Music, sound and rhythm, as aesthetic means of design, have been part of the tradition of poetic documentary film from its early history. This paper, written by BU’s Professor Kerstin Stutterheim, discusses various examples of this genre, all of which use soundscapes, sound design, and music. Music can be either specially composed for the film or previously published.
Internationally known for their musical and poetic qualities are films such as Man with a Movie Camera (Dziga Vertov 1929), Rain (1929) by Joris Ivens, and Berlin, Symphony of a Great City by Walter Ruttmann (1929), to name but a few outstanding examples. Among the most recent documentaries using music as a narrative element are The End of Time by Peter Mettler (2012) and Pearl Button by Patricio Guzmán (2015). The notion of music and rhythm as embodying meaning also applies to silent films, such as Manhatta (Strand and Sheeler 1921), a poetic documentary about Manhattan.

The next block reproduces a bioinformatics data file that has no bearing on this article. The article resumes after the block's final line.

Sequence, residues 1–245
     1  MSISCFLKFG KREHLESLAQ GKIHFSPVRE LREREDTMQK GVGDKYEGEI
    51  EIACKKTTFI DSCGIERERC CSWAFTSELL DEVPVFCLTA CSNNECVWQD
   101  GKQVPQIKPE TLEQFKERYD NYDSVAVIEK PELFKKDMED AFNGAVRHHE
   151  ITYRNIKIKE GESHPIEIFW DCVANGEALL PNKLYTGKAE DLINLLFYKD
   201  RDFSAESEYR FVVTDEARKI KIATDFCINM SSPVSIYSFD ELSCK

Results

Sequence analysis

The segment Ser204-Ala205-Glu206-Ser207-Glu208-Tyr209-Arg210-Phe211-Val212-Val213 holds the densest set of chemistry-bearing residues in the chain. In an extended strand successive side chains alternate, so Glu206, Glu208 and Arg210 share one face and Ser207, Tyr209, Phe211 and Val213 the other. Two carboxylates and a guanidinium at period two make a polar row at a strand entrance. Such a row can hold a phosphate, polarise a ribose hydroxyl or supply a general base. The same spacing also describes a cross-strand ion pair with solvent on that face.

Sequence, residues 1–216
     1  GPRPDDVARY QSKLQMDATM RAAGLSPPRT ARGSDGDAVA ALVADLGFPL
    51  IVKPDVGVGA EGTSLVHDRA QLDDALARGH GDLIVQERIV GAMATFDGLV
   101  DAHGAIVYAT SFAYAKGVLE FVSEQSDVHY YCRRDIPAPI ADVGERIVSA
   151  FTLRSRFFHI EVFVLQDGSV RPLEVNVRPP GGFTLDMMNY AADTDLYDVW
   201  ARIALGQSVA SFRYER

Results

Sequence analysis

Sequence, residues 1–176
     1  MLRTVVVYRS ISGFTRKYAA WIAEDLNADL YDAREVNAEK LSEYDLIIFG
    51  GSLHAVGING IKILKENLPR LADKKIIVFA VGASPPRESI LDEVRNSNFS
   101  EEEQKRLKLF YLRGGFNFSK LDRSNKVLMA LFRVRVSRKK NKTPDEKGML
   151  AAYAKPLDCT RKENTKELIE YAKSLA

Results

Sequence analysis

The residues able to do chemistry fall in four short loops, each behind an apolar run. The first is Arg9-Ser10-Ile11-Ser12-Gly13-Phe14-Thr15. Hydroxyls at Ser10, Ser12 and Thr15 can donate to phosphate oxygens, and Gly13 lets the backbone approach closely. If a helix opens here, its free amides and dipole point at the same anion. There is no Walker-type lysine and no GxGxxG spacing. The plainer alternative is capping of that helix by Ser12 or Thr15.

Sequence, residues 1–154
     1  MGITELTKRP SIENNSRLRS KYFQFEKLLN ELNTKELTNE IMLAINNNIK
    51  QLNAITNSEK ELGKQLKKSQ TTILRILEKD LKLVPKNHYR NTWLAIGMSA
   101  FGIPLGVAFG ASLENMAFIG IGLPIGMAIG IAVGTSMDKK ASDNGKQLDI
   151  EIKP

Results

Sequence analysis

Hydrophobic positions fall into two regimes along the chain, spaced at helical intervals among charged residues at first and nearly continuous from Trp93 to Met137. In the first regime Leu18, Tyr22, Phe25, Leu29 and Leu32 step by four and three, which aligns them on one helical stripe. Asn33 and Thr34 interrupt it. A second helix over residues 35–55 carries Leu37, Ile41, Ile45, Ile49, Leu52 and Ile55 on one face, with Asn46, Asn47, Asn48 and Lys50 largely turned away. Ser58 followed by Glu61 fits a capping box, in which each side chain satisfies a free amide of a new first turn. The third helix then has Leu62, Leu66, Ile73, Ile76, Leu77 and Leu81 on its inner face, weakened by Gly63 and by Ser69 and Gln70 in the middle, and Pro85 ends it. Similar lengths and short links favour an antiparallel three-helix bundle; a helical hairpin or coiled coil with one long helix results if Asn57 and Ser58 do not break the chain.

‘Poetic documentaries’ use sounds of the environment as well as music to convey a dramaturgical meaning. How these sounds inform the conceptualisation and realisation of creative/poetic documentaries is the central focus of this paper.
The New Soundtrack. Volume 8, Issue 2